June 8 is International World Oceans Day, a UN observance. In this article, we look at the Law of the Sea, the Exclusive Economic Zone, sustainable practices regarding living aquatic resources, the 2030 Agenda for Sustainable Development and the Future of the Ocean Agenda, overfishing and Fish or Plastic for Lunch?
Scientists estimate more than two million species live in the ocean and we have barely identified 10%. But some of the species we have discovered are proving very useful, including in biomedical research. Human activities have degraded or destroyed the marine ecosystem, jeopardizing the invaluable services it provides. Climate change, marine pollution, overfishing, destruction of marine and coastal habitats, invasive species, oil, and gas extraction—the hazards are extensive. These threats not only rob the ocean of its aesthetic and inspirational value—they directly endanger human survival. There can be no sustainable future without a healthy ocean.
The dark oceans were the womb of life. From the protected oceans, life emerged. We still bear in our bodies—in our blood, in the salty bitterness of our tears—the marks of this remote past.
Ambassador Arvid Pardo, 32nd Session of the UN General Assembly, 1 November 1967
“A Constitution for the Ocean” – The UN Convention on the Law of the Sea (UNCLOS)
“On 10 December 1982, we created a new record in legal history,” exclaimed Tommy Koh, the Singaporean President of the Third UN Conference on the Law of the Sea in his speech titled “A Constitution for the Ocean.” The UN Convention on the Law of the Sea (UNCLOS) had just opened for signature and 119 countries signed it on the first day. It took 36 years of negotiations and a “long and arduous journey to secure a new Convention that covers every aspect of the uses and resources of the sea.” UNCLOS, which comprises 18 Parts and deals with a multitude of topics, was “the result of an unprecedented effort at codification and progressive development of international law” (Treves, 2008).
Inadequate management and overfishing in the high seas were already well documented by 1992 by the Food and Agriculture Organization of the UN (FAO). At the time the FSA agreement was signed, FAO adopted its Code of Conduct for Responsible Fisheries, a landmark document aiming to set international standards for sustainable practices regarding living aquatic resources.
The Food and Agriculture Organization of the UN has also established numerous regional fishery bodies (RFBs) as forums for regional cooperation for the conservation and sustainable use of fisheries. RFBs with a management mandate are called Regional Fisheries Management Organizations (RFMOs). Following UNCLOS guidance to “cooperate to establish subregional or regional fisheries organizations” for the conservation and management of living resources in the high sea (UNCLOS Article 118), states created a plethora of such structures. Numerous RFMOs cover geographical areas (e.g. the South Pacific Regional Fisheries Management Organization, the Western and Central Pacific Fisheries Commission, or the Northwest Atlantic Fisheries Organization). Other RFMOs regulate fishing for a particular species: there are five RFMOs on tuna, including the Indian Ocean Tuna Commission and the Commission for the Conservation of Southern Bluefin Tuna.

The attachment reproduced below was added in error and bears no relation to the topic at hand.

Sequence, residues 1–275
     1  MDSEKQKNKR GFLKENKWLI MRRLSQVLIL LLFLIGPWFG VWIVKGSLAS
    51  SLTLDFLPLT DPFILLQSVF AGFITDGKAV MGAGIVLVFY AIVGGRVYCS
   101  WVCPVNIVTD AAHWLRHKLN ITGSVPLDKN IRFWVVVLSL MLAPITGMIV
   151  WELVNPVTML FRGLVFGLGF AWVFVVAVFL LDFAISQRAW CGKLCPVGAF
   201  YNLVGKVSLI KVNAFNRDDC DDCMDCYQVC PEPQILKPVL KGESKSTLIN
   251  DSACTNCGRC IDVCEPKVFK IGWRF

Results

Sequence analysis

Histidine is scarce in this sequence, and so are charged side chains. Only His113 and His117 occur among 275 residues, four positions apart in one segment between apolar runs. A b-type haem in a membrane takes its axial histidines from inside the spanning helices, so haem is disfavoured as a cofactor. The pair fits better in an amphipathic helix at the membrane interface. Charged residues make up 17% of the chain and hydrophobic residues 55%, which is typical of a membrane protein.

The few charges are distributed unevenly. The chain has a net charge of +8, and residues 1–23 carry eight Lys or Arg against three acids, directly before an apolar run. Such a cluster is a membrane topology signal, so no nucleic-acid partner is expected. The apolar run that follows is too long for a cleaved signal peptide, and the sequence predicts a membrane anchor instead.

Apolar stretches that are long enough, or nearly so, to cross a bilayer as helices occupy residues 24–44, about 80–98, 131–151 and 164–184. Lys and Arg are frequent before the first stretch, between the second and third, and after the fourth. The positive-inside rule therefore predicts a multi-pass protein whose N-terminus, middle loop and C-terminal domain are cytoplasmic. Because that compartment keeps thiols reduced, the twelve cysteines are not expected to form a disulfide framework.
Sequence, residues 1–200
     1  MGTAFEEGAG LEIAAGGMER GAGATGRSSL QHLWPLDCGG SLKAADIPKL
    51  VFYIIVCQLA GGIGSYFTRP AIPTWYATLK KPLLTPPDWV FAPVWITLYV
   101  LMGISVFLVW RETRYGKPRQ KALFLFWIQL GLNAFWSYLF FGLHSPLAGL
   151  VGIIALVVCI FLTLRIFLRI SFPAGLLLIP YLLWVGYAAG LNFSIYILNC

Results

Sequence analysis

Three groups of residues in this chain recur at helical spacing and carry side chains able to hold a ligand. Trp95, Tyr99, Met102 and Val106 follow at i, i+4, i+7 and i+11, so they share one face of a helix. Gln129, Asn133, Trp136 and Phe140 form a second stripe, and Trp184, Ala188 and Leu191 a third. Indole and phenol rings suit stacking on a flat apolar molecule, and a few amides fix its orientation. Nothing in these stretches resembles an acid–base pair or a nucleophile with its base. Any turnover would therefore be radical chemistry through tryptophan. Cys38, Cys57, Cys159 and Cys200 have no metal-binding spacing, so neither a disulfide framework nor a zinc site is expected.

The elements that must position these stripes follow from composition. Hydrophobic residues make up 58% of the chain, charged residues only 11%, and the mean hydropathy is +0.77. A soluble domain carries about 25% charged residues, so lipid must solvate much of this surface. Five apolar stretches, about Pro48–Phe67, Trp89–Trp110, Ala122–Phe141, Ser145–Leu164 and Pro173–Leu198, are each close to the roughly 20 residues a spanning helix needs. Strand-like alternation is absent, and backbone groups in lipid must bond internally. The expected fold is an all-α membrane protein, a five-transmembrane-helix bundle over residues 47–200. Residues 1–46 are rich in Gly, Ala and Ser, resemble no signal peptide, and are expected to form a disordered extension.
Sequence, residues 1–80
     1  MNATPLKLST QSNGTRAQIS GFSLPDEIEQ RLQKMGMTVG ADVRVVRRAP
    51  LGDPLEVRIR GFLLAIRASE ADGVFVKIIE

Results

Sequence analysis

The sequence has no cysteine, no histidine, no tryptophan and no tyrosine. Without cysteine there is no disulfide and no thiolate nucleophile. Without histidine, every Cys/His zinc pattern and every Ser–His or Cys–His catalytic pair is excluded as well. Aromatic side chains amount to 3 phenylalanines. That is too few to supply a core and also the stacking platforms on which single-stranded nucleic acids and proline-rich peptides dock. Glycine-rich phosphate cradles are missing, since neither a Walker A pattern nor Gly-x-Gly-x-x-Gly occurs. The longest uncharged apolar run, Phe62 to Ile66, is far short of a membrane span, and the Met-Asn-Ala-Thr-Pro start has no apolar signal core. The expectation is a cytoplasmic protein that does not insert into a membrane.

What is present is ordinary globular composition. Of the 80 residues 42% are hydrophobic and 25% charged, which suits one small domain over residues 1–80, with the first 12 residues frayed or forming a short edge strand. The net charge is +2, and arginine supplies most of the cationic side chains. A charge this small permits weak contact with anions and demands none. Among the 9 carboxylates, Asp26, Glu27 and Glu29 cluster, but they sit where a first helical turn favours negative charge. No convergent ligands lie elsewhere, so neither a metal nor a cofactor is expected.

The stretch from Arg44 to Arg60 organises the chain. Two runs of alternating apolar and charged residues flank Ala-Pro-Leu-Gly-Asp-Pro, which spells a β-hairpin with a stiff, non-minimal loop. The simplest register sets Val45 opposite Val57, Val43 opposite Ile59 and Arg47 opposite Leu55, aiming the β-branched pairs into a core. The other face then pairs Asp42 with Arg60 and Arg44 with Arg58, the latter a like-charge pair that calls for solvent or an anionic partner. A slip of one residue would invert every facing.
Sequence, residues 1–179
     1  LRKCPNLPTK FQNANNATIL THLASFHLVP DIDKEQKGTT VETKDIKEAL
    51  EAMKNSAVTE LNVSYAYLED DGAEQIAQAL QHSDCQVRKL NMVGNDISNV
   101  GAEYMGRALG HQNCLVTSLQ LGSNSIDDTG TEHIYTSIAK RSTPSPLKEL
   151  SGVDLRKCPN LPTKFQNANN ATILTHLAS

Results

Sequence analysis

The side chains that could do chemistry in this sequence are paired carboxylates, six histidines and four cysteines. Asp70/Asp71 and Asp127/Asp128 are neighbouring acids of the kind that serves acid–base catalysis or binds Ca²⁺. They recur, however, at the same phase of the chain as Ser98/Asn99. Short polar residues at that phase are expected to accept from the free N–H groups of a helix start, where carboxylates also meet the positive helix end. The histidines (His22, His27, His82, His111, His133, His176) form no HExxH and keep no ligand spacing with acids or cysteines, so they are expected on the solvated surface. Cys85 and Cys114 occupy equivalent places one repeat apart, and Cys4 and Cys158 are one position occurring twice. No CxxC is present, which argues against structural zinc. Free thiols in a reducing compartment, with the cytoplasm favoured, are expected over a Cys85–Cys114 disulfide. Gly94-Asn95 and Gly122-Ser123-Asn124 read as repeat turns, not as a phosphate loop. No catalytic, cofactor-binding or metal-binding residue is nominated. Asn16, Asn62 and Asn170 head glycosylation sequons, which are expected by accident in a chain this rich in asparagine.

The 2030 Agenda for Sustainable Development and the Future of the Ocean Agenda
In 2015, governments adopted the 2030 Agenda for Sustainable Development, including its 17 Sustainable Development Goals (SDGs). SDG 14 (life below water) is devoted to the ocean. Its targets address marine pollution, ocean acidification, sustainable management of marine and coastal ecosystems, marine protected areas, overfishing, perverse subsidies, and small island development, providing a holistic framework on ocean governance.
Yet, despite the earnest efforts of the international community over the past 50 years, problems persist. Overfishing, resource extraction, tourism, recreation, coastal development, and pollution are damaging habitats and reducing populations of marine species at a frightening rate. Despite the establishment of numerous regional and global instruments to manage fisheries, the state of the world’s ocean and marine resources is much worse. The percentage of stocks fished at biologically unsustainable levels increased from 10% in 1974 to 34.2% in 2017 (FAO, 2020). Despite the multitude of governing instruments, the FAO admits these are “not always effectively implemented” (FAO, 2020).
New challenges, including climate change and sea-level rise, plastics and microplastics, anthropogenic underwater noise, ocean warming, and ocean acidification, are more prominent. Plastics and microplastics in the marine environment have increased dramatically and are a serious threat with complex ecotoxicological effects (Avio et al., 2017). Carbon pollution is changing the ocean’s chemistry making it more acidic. Ocean warming and acidification, although different phenomena, interact to the detriment of marine ecosystems, affecting primary productivity, nutrient cycles, and ultimately the survival of marine species. Anthropogenic underwater noise production has serious detrimental effects on ocean biodiversity (Williams et al., 2015).
Multiple stressors and the need to consider cumulative impacts require developing a more holistic approach to ocean governance, carefully based on integrated management and the ecosystem approach. Cumulative impacts cannot be managed in isolation and sectoral management efforts, while valuable for informing decisions, may prove inadequate to address future challenges. The 2030 Agenda provides a robust reference framework, but proper coordination is still lacking.